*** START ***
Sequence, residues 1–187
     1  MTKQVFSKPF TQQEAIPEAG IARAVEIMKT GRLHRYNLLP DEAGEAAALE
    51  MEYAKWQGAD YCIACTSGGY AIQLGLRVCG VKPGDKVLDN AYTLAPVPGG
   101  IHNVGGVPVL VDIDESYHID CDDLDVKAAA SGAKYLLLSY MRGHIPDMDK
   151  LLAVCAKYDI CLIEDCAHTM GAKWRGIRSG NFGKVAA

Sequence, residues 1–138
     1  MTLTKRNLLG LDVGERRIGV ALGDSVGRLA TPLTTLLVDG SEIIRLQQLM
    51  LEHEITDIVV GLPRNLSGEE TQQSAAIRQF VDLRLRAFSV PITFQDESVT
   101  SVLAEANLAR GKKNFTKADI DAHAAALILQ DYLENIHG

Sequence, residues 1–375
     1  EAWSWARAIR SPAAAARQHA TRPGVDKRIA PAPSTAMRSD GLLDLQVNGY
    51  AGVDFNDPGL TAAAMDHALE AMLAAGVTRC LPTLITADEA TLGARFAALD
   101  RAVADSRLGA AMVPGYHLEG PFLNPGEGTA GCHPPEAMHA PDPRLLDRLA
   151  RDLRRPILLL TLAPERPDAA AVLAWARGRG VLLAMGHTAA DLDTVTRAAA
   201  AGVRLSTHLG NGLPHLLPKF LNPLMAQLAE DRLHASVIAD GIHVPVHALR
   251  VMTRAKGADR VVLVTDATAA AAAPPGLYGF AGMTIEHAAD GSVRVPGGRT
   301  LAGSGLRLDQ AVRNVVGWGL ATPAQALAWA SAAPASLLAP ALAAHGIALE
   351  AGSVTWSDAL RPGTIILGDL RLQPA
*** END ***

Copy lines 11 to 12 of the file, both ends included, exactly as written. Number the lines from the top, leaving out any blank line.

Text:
     1  EAWSWARAIR SPAAAARQHA TRPGVDKRIA PAPSTAMRSD GLLDLQVNGY
    51  AGVDFNDPGL TAAAMDHALE AMLAAGVTRC LPTLITADEA TLGARFAALD